OREM — The conflict between faith and state for Archbishop Thomas Becket, religious adviser to King Henry II of England, is central to Murder in the Cathedral. T.S. Eliot’s classic script focuses on the events of Becket’s life between December 2 – 29, 1170, primarily honed on the internal struggles of the archbishop. Following a seven year exile to France, Becket returns to England with hopes of political peace surrounding his return. However, there are concerns that Becket’s return could anger the King, and only lead to further political strife.

Show closes September 16, 2014.

Show closes September 16, 2014.

Like Christ in the New Testament, Thomas confronts three temptations in his return, and must battle the seduction each offers. A fourth temptation—martyrdom—appears as a new enticement, pulling the Archbishop in with an alarming persuasion. Thomas admits he’s considered martyrdom, though finds it best to accept God’s will as the penultimate judgment. Eventually, Thomas is murdered by four knights, at apparent behest of the king, and the play turns into their trial. A lingering reminder remains, though: had the Archbishop not used religious power to undermine the State, his death would not have been necessary.

I appreciated the heightened sense of theatricality used in this performance. T. S. Eliot’s language brings a very poetic flow to the action of the play, and it can be easy to lose track of plot in the words. However, overt gesticulation and caricatured means of acting had a storytelling feel. And while I initially disliked this choice, the starkness of actors using their real voice—as opposed to the previous recordings—brought a weight to scenes where voiceovers were not used. The contrast of overtly-acted scenes with a more natural feel to others really served to highlight parable versus personal strife.

This same sense of meta-theatricality reflected in makeup (Janessa Law-Fulton), with prominent contouring visible on all actor’s faces. The very brightly colored costumes (Clarissa Lavon Knotts) fit well with the fashion of the early 1100’s. I particularly enjoyed the lavish use of color and opulence in the costuming of the tempters, which reminded me, again, that this was a highly theatrical production. And while this initially didn’t sit well with me, there was something jarring about the notion of a man’s death being staged in such a formally dramatic setting. The presentation of Becket’s story—such heavy content matter juxtaposed with the usual levity of performance—ultimately resonated. The women’s costumes were the only puzzle, and looked like echoes of Greek fashion (perhaps playing upon the notion of a Greek chorus?), which marked them as separate from other players.

I thought that the directors (Benjamin Henderson and Lisa Edwards) made some bold choices in this show. Pre-recorded voices were amplified (although the volume levels were too loud sometimes), and actors seemed to lip-sync to their own roles. I thought the pace moved along pleasantly, clocking in at roughly forty-five minutes, but many of Eliot’s more clever phrasings were lost to the relentless pull of poetry. Pre-recorded bits had a strong tempo, fast and forcing the action along at an almost furious pace; the surely chaotic mindset of Thomas Becket reflected in the speed of performance, and I could only feel pity for the man being swept up into the unfolding politics around him. However, there were times when I couldn’t quite catch on fast enough who was meant to be speaking, and missed some lines. But for the most part, wide gesticulation visually drove the story along.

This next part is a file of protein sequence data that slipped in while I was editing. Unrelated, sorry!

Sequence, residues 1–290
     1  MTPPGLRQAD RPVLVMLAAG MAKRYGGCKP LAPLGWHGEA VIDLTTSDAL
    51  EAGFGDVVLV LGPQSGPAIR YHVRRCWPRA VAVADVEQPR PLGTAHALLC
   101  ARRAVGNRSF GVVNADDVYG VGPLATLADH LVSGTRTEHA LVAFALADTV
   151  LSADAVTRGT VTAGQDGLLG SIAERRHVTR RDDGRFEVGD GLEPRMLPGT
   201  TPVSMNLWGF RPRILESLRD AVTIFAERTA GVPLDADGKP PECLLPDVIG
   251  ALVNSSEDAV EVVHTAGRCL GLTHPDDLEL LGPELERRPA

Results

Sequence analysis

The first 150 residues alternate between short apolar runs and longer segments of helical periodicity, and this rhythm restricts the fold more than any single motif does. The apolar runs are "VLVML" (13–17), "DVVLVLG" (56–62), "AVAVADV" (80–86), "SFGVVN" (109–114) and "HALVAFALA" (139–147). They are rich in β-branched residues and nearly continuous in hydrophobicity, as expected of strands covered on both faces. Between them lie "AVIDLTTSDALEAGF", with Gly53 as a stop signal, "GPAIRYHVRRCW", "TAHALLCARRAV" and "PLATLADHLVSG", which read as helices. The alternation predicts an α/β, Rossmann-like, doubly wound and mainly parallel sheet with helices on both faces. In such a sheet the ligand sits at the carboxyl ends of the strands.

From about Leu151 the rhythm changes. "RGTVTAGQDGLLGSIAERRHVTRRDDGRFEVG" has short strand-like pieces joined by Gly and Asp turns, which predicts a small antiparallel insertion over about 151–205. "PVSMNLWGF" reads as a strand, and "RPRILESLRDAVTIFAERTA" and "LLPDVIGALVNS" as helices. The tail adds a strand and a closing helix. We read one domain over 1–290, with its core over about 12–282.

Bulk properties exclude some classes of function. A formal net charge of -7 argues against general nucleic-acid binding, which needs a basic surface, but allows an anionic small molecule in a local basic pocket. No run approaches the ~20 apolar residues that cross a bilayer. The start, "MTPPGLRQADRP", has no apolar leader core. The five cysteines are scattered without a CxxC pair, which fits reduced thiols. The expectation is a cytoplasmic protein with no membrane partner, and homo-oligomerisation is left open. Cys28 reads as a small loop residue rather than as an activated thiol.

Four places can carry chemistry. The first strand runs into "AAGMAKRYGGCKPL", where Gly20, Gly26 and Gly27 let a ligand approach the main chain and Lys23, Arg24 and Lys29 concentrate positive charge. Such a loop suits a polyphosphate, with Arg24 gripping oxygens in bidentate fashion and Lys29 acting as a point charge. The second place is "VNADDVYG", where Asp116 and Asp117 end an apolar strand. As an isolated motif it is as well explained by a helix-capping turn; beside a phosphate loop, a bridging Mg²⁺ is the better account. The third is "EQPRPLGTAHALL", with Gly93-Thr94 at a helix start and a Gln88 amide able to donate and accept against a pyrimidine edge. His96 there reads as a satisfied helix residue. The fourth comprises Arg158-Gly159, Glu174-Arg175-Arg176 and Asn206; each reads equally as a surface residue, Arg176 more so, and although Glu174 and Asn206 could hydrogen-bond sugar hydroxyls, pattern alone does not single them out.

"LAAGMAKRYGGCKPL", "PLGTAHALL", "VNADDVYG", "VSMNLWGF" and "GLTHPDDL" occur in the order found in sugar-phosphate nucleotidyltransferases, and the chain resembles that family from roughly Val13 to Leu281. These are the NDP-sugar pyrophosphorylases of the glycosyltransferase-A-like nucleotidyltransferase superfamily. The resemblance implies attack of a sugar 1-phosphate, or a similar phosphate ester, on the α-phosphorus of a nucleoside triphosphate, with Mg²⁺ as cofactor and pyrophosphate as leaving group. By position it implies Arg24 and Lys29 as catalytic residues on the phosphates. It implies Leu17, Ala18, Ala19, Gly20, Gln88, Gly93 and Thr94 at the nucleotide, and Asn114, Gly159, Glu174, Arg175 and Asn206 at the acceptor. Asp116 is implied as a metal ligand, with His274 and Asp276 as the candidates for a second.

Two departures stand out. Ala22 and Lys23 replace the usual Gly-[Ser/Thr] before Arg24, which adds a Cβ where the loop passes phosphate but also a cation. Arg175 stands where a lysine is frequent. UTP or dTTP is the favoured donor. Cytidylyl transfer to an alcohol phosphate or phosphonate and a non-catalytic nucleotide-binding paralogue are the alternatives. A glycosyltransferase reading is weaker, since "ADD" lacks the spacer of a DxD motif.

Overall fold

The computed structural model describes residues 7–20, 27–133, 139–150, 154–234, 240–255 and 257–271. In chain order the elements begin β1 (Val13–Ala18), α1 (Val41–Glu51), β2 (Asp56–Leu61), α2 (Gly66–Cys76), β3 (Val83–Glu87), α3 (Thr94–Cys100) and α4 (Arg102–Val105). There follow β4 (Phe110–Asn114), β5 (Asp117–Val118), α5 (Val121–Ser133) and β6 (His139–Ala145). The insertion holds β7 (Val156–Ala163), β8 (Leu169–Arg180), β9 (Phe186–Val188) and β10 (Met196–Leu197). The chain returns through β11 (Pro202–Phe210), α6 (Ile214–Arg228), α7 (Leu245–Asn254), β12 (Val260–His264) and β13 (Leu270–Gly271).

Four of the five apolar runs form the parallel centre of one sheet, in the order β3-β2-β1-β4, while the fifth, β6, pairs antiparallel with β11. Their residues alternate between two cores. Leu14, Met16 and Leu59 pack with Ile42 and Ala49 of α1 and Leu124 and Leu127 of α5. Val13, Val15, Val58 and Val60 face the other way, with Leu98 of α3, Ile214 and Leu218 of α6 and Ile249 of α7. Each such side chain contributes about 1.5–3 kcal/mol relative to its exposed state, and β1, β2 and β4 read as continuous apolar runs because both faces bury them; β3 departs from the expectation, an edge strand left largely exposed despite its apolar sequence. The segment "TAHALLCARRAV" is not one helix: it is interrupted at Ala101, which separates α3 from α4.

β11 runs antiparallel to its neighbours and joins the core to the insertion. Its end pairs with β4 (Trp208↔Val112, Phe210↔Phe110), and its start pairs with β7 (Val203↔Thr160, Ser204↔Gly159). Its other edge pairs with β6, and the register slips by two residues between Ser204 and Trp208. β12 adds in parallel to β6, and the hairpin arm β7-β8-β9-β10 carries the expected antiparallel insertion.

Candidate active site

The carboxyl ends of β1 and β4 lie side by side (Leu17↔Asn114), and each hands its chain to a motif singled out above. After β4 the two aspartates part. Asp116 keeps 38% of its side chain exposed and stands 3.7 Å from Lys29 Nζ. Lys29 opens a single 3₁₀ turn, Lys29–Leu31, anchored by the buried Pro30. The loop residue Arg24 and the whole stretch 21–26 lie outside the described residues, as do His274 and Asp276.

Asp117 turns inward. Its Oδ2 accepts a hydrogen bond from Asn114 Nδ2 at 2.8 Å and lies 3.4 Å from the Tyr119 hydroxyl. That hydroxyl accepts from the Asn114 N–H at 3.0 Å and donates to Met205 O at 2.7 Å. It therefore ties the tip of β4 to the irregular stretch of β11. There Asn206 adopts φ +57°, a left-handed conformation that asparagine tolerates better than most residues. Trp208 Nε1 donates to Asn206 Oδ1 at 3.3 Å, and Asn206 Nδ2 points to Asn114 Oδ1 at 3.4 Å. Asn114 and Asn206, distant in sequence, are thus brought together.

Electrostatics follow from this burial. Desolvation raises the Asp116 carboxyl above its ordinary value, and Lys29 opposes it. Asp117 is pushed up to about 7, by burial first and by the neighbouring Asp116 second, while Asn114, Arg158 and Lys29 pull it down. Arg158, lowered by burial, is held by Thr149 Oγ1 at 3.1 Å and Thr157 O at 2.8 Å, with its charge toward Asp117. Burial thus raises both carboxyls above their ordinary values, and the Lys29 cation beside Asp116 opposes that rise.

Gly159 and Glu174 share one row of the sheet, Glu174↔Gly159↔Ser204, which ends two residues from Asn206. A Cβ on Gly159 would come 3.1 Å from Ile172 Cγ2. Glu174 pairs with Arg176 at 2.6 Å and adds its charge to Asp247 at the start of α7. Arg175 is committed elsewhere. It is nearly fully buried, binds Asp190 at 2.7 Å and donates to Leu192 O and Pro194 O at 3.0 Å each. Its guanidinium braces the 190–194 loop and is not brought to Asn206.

It is difficult to single out any actor in this piece, as Murder in the Cathedral relied strongly on ensemble work. Indeed, the cohesive moment and choreographed moments of action worked to great effect. I appreciated the seamless blend affected by the members of the cast, to create a heightened world of reality. Their collective work made the piece intriguing to watch, and—though still confusing at times—the commitment to wide gesticulation and theatricality worked to great effect. Combined with the contrast of more grounded moments, and more intimate aspects of audience address (that is, the knights speaking directly to the audience), I thought the players controlled the energy of the crowd well.

All in all, I enjoyed my experience with Murder in the Cathedral. I found that, despite a highly elevated form of performance, the story still resonated and I was left with the same weight of emotions that a more grounded show might have provided. The contrast between choreographed, removed moments and more intimate intensity provided a jolting shift, and kept the energy dynamic in performance. It can be difficult to compete with outdoor elements, but I thought the actors did a good job of keeping my attentions. More savoring of T. S. Eliot’s words might have served well, or perhaps a snippet of history or plot synopsis in the program might have alleviated some confusion. (I heard some people after the show question what exactly had just happened. ) But ultimately, I enjoyed the performance and was intrigued by the directors’ performance method. Anyone seeking a change in the norm of theater might easily find satisfaction in this show, and with a short run-time and low admission fee, it’s an easy show to catch.

The final performance of Murder in the Cathedral plays September 16 at 5 PM in the courtyard of the Sorensen Student Center on the campus of Utah Valley University. Tickets are $3-5. For more information, visit www.uvu.edu/theatre/events/theaterevents.php.